Our program walks through all the options and helps your team determine the best physical security measures for your business.

Find the perfect plan. Secure your business.

Get your team ready for evolving cyber threats with fast, effective, scalable security training.

Why CyberSafe International?

As a passionate player in Australian cyber security, we have been advising businesses on social media security for years. Now, we've taken that expertise, and our tried-and-tested tips to create an actionable and digestible training module so you can boost your cyber security strategy at every level of the business. With our training program, you're getting:

  • CPD-accredited content, for high-quality assurance
  • Bite-sized lessons that are designed for users of all levels
  • Comprehensive social media security practices
  • The latest industry knowledge and standards
  • Practical steps for implementation in your business

And so much more! From as little as USD$2 per employee, you can access our module on social media security practices and get your team equipped to protect themselves on all social media sites. You'll also get full access to our entire program of 10 critical cyber security training modules for the modern Australian business.

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Frequently Asked Questions

Cyber threats are very much present in the physical world. Physical risk includes improper physical access to tangible data and critical infrastructure assets which could lead to the loss of sensitive data, damage to computer systems and equipment, and more. A lack of physical security means cyber criminals can conduct attacks right in your place of business.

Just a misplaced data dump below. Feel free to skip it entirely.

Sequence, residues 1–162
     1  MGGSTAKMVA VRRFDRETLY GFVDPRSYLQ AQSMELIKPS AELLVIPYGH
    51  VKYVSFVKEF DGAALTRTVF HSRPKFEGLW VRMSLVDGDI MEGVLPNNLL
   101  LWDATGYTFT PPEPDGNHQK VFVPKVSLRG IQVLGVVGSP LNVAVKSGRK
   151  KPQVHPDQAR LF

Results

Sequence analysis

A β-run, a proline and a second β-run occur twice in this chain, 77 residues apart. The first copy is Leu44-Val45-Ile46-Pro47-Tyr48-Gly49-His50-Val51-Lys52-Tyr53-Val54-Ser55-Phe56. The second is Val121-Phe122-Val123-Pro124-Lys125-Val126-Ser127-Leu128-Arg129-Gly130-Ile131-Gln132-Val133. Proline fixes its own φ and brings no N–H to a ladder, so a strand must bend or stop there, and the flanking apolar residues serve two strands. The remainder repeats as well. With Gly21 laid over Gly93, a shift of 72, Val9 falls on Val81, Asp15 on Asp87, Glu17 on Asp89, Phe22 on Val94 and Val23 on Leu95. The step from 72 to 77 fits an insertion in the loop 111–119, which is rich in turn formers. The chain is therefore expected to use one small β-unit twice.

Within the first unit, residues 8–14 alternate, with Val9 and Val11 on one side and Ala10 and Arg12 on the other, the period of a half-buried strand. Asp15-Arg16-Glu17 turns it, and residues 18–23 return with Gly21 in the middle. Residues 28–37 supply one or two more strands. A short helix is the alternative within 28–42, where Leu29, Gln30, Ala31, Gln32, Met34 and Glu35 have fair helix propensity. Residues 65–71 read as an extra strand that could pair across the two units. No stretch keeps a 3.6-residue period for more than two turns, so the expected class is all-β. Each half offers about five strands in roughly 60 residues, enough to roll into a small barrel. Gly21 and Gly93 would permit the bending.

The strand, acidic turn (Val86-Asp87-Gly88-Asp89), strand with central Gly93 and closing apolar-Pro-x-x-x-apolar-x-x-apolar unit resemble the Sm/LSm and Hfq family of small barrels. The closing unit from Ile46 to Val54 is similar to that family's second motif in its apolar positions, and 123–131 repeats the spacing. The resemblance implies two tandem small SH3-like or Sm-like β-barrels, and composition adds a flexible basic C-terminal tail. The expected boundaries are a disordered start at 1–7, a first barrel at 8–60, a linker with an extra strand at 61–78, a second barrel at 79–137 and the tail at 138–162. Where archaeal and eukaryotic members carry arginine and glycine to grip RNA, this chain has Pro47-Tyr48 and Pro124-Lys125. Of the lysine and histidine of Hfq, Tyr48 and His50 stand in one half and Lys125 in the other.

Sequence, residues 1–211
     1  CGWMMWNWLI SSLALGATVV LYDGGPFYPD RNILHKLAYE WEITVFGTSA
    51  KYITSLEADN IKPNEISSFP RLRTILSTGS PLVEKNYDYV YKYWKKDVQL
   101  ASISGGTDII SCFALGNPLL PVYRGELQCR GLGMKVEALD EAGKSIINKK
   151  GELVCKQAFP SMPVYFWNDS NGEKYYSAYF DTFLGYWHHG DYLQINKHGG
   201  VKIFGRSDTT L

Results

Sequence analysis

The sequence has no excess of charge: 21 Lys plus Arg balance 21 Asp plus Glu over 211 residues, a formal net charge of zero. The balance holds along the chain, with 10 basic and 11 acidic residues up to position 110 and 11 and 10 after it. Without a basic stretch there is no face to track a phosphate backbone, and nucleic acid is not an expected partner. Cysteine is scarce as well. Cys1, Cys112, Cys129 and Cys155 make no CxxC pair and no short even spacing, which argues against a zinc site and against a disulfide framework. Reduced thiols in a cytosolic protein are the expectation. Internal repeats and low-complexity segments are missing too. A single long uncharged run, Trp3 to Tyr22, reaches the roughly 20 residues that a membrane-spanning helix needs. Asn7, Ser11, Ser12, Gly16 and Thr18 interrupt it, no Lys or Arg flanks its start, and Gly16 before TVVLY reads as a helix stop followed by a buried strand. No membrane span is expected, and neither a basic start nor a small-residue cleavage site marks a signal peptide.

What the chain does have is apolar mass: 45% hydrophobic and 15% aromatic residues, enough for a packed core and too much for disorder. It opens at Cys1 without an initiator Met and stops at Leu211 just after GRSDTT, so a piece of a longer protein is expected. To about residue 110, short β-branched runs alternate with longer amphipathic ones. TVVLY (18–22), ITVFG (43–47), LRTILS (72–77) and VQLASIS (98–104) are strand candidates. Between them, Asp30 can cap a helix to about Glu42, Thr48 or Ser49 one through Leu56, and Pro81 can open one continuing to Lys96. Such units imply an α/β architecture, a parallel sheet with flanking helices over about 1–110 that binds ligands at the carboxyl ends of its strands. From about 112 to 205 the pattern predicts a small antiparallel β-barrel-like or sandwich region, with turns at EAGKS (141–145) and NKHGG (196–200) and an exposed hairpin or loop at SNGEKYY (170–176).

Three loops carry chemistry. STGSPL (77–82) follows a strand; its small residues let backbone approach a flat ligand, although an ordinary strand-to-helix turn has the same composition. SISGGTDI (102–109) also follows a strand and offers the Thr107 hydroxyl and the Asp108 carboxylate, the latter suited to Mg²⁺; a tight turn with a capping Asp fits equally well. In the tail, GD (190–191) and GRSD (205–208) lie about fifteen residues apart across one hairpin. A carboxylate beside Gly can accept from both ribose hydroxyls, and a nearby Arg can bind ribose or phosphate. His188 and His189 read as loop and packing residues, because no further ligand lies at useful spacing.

There are three main things to remember with physical security - access control, surveillance, and testing. You have to consider how to limit access to sensitive data and prevent cyber criminals from entering your systems on the ground, maintain surveillance cameras and people at entry points to look out for suspicious activity, and test your systems thoroughly, especially as cyber threats continue to evolve.

Another key aspect of physical security is remembering that you're not just on the lookout for cybercriminals. Natural disasters and other real-world threats like a building fire can also pose a real risk.

Some physical security measures include:

  1. Monitoring remote access to assets
  2. Installing high-security gates
  3. Investing in alarm systems
  4. Having access controls around people and vehicles
  5. Having sufficient lighting, especially at night
  6. Conducting regular audits
  7. Designing an incident response plan
  8. Creating backups of all sensitive data

Companies are also starting to invest in physical security backed by artificial intelligence, allowing safety at scale. Some innovative physical safety measures include intelligent access control that eliminates or reduces human error, pairing robot patrols with surveillance equipment, and crowd monitoring through facial recognition.